Sunday, January 21, 2007
Stars fell on Alabama?
Well I don't know. I come to Alabama, where they've had wonderful weather for months, and today the rain is coming down in stair-rods. I could be in Dunoon - except that the rain is vertical rather than horizontal. Maybe in a Humphrey Bogart movie instead - the ones where men's hats shine and drip and the windscreen wipers go at double speed. Hmm.
But happily I'm not in the situation of an ordinary tourist, and the experiences just get better and better. Last night we all attended the most amazing service in honour of St Aelred, of whom the Revd. Paul Woodrum said "Of all the gifts Aelred has given he church, the one most uniquely his is the joyous affirmation that we move towards God in and through our relationships with other people, not apart from or in spite of them." This Aelred fest has been organised by Integrity Alabama for the past 12 years to celebrate the contributions of gay and lesbian people in the life of the church, and people come from all over to join in.
The Eucharist last night was in Grace Church, where Ruth used to serve; the church was full of people, incense (with bells on the thurible so that it tinkled at every swing!) and music. This last was quite extraordinary to someone more used to hearing bottleneck guitar played by Ry Cooder over a candlelit dinner than in a candlelit church - folk music played by authentic folk musicians. Hard to sing along with, mind, but great to listen to. The preacher was the former Bishop of Alaska Steven Charleston, a charismatic Native American with a long grey pony tail and a tendency to storm down the pews to exhort the faithful to remember that they were loved - over and over, so that the "Amens" rolled out in a manner unheard of in the Piskie churches of my experience. We laughed, we nodded, we assented. Great.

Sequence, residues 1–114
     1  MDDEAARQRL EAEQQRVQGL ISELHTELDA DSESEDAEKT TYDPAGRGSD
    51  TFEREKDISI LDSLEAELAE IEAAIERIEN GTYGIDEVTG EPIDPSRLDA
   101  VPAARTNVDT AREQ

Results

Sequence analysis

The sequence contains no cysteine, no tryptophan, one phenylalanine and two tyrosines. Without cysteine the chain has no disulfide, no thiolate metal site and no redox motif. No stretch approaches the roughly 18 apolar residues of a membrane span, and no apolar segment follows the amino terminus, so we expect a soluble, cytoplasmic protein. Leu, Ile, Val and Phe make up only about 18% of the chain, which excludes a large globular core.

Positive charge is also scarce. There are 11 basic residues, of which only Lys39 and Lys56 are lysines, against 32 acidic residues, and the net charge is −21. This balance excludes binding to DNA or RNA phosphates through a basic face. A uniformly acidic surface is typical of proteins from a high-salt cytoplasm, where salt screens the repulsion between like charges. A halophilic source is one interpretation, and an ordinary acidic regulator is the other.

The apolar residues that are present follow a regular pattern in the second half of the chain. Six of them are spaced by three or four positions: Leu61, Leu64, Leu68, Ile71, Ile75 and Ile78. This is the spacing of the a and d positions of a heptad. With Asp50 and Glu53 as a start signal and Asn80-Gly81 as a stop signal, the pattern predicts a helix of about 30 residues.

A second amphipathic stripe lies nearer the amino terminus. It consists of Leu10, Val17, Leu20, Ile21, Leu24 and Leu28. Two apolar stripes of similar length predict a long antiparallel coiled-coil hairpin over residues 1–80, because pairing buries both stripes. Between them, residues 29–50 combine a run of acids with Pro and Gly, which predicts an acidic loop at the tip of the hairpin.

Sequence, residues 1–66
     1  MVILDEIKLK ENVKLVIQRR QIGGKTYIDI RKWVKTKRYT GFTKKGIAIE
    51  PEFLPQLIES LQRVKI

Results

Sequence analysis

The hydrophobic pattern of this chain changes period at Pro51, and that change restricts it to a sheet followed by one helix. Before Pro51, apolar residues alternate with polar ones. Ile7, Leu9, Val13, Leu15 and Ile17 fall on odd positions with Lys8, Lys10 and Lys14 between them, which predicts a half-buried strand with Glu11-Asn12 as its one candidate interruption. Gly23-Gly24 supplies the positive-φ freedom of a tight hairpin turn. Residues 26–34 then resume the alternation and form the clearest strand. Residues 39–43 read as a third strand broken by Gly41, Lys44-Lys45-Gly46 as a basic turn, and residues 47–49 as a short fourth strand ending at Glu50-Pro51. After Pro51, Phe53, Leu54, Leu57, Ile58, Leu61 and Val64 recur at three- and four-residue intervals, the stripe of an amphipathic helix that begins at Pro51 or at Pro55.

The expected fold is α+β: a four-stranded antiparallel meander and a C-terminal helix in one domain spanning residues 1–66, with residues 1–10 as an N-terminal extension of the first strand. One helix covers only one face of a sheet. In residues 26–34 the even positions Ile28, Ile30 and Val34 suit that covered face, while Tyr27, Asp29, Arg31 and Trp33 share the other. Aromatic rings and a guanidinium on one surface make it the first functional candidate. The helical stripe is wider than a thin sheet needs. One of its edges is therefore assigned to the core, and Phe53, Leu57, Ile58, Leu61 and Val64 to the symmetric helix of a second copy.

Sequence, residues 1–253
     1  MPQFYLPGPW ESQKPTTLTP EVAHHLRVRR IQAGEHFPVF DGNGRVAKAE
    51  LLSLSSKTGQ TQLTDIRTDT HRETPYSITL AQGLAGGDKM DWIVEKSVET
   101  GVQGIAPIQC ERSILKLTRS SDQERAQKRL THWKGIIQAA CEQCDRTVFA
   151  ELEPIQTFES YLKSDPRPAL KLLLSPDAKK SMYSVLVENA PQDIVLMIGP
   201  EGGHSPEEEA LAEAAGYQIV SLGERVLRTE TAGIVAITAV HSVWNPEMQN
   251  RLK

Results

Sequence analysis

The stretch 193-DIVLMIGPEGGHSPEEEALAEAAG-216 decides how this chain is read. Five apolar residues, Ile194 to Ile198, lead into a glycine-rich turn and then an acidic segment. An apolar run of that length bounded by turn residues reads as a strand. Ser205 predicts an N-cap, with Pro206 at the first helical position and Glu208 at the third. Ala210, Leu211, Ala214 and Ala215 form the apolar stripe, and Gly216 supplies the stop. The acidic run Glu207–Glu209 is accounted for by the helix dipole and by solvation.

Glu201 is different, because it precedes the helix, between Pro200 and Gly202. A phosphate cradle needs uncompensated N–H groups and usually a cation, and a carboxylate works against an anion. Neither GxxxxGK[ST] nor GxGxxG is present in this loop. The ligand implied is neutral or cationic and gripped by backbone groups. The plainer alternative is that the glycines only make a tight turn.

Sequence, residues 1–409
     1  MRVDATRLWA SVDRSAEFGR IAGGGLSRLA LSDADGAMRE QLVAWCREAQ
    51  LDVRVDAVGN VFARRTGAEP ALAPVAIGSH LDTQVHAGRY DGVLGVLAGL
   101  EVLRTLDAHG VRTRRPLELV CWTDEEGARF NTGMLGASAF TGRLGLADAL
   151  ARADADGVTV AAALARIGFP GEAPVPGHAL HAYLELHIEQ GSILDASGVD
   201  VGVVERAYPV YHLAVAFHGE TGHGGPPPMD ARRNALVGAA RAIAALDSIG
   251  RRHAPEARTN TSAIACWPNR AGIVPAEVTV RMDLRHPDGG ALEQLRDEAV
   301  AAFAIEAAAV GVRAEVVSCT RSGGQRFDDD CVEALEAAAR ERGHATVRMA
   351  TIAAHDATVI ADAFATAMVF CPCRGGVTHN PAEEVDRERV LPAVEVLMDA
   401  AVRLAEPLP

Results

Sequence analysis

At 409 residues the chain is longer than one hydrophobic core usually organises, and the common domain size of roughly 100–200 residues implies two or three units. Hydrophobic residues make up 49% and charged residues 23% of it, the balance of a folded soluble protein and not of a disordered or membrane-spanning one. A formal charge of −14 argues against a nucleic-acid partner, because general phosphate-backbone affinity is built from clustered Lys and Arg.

After the eucharist we were all treated to a three-course dinner in the hall, and I was asked if I was Irish, if I'd speak some more, if I'd like more wine (what do you think?) - and presented with one of the roses off the tables when I left. All this had been organised by about 20 members of Integrity, who had worked 130 volunteer hours to put everything together. The passion and commitment of Episcopalians here - or at least the ones Ruth seems to work with - forces me to look at the lukewarm climate in which we operate at home. The tiny church where we worshipped this morning, in Bessemer, has the same size of congregation as Holy Trinity, Dunoon, but every member present at the lunch and annual meeting today spoke with a fervour and enthusiasm for making things happen which left me in no doubt that things would happen.
Away from matters ecclesiastical, we continue to eat far too well and in interesting and historic places. Yesterday I had fried green tomatoes - you couldn't not, really - in a diner celebrating its 100th year, with the original marble and murals still in place, and all around the accent of the South, which sounds mellow compared to more northern voices and draws out vowels so that "bids" becomes "beeuds".
I don't feel like a tourist here. A traveller, maybe, but not a tourist. The rain is still dripping off the eaves, but Ed has lit a log fire and I'm off to laze in front of it. And then I'll eat some more....